Soil seed bank dynamics in Mediterranean urban vegetation fragments
Davis, Jessica (2012) Soil seed bank dynamics in Mediterranean urban vegetation fragments. Masters by Coursework thesis, Murdoch University.
Conservation of biodiversity in urban vegetation fragments is of increasingly high importance with growing urbanisation globally, particularly so in the biodiversity hotspot of the Mediterranean southwest of Western Australia. Relationships between fragmentation (connectivity, fragment size, time since isolation) and urban disturbances (weed invasion, human disturbance, rubbish) relative to the soil seed bank of a representative sample of Perth’s urban woodland fragments (N=36) were examined. In total, 182 seedling types comprising 57 invasive, 105 native and 20 unknowns were identified. Approximately 65% of the 21,770 seedlings counted were native, 33% invasive and 2% unidentified. The average soil seed bank seedling density was 2,787 germinates per m2. Community analysis (ordination) showed that the soil seed bank composition correlated with fragment age. Subsequent quantitative analysis (linear regression) did not find evidence for species or functional trait groups being vulnerable to decline due to isolation or fragment age, indicating that species extinction is not evident within Perth’s urban fragments. More invasive annual herbs were found within older fragments and the soil seed banks of smaller fragments were found to have lower native species abundance compared to larger fragments. A positive relationship was found between the number of footpaths within a fragment and the abundance of annual invasive herbs within the soil seed bank. High weed cover in a fragment resulted in high weed presence within the soil seed bank. It was also found that high weed cover did not necessarily indicate low native species diversity or abundance within the soil seed bank, suggesting caution in using weed cover to classify sites as suitable/unsuitable for topsoil transfer in restoration activities. The soil seed bank of the study sites contained a diverse range of native species, indicating that topsoil from these areas may be useful in restoration of degraded sites.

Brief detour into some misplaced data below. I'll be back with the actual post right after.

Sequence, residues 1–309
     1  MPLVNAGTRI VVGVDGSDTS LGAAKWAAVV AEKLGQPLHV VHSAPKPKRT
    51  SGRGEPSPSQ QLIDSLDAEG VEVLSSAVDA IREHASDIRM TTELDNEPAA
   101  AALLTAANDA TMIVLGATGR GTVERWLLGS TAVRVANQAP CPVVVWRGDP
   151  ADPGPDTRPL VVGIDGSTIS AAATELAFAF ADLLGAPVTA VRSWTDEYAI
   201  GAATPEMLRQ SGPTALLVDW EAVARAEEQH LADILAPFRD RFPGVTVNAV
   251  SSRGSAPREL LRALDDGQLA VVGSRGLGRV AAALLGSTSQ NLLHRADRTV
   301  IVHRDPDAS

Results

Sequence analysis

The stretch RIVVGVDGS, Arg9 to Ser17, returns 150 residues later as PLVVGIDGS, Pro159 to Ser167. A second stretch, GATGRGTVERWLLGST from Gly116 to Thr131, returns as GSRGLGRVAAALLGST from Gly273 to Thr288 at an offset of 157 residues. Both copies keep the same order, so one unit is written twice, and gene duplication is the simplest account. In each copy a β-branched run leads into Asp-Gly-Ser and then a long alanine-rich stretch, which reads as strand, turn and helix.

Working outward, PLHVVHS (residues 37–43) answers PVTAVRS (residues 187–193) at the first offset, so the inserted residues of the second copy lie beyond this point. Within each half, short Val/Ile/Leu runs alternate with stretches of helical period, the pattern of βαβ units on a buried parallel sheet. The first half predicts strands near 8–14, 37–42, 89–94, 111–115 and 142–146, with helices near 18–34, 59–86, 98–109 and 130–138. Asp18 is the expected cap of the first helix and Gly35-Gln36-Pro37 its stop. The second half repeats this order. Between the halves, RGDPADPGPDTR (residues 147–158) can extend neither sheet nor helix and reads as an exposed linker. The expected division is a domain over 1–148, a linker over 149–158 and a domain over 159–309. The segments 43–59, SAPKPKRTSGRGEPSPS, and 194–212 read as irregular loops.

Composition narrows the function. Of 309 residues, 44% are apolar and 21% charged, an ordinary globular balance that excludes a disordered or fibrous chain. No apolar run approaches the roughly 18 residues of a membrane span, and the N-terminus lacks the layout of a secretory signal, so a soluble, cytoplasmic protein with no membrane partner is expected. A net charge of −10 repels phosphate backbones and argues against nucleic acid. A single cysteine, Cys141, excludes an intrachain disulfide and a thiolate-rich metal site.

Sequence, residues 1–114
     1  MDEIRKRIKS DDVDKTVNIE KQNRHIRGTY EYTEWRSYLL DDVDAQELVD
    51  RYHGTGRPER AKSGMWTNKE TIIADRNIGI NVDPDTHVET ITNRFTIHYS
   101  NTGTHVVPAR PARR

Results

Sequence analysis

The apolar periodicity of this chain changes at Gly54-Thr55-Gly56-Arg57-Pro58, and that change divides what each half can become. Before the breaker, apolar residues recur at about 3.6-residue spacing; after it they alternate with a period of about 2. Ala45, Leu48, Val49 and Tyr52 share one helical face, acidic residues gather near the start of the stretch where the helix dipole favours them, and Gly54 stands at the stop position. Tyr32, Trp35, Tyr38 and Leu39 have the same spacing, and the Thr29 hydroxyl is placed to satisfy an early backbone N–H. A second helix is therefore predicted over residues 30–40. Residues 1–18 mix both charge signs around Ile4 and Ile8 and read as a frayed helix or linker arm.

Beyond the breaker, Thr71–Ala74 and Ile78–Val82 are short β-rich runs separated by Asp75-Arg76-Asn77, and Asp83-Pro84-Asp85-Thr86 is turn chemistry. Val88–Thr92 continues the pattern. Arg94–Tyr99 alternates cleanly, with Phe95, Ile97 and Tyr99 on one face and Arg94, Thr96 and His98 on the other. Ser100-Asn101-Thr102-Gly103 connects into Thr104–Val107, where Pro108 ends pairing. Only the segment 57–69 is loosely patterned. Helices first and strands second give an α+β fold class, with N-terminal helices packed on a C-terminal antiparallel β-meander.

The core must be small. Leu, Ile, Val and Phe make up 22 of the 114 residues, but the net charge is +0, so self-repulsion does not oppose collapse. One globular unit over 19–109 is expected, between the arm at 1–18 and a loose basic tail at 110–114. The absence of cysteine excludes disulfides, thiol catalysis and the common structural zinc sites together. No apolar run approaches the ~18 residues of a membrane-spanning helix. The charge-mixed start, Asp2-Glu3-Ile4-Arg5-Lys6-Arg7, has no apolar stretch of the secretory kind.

|Publication Type:||Thesis (Masters by Coursework)|
|Murdoch Affiliation:||School of Environmental Science|
|Supervisor:||Enright, Neal and Fontaine, Joe|
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